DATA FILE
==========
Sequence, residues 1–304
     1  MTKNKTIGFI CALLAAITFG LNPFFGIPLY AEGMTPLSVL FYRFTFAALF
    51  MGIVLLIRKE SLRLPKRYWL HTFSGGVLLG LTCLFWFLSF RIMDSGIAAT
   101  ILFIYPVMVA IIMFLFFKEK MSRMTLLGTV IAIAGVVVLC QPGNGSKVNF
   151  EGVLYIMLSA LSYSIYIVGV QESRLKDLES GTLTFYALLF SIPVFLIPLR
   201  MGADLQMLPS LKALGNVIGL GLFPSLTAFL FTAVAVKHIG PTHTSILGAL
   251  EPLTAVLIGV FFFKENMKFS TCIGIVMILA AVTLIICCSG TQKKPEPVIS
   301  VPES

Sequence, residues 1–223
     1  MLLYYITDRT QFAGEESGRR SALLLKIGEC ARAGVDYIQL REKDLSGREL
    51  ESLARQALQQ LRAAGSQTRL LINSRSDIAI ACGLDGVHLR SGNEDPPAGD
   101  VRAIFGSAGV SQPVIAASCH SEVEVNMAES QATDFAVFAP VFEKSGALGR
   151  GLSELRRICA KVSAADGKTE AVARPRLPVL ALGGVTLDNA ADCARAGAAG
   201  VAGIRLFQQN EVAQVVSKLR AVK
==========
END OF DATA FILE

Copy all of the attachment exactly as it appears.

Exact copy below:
Sequence, residues 1–304
     1  MTKNKTIGFI CALLAAITFG LNPFFGIPLY AEGMTPLSVL FYRFTFAALF
    51  MGIVLLIRKE SLRLPKRYWL HTFSGGVLLG LTCLFWFLSF RIMDSGIAAT
   101  ILFIYPVMVA IIMFLFFKEK MSRMTLLGTV IAIAGVVVLC QPGNGSKVNF
   151  EGVLYIMLSA LSYSIYIVGV QESRLKDLES GTLTFYALLF SIPVFLIPLR
   201  MGADLQMLPS LKALGNVIGL GLFPSLTAFL FTAVAVKHIG PTHTSILGAL
   251  EPLTAVLIGV FFFKENMKFS TCIGIVMILA AVTLIICCSG TQKKPEPVIS
   301  VPES

Sequence, residues 1–223
     1  MLLYYITDRT QFAGEESGRR SALLLKIGEC ARAGVDYIQL REKDLSGREL
    51  ESLARQALQQ LRAAGSQTRL LINSRSDIAI ACGLDGVHLR SGNEDPPAGD
   101  VRAIFGSAGV SQPVIAASCH SEVEVNMAES QATDFAVFAP VFEKSGALGR
   151  GLSELRRICA KVSAADGKTE AVARPRLPVL ALGGVTLDNA ADCARAGAAG
   201  VAGIRLFQQN EVAQVVSKLR AVK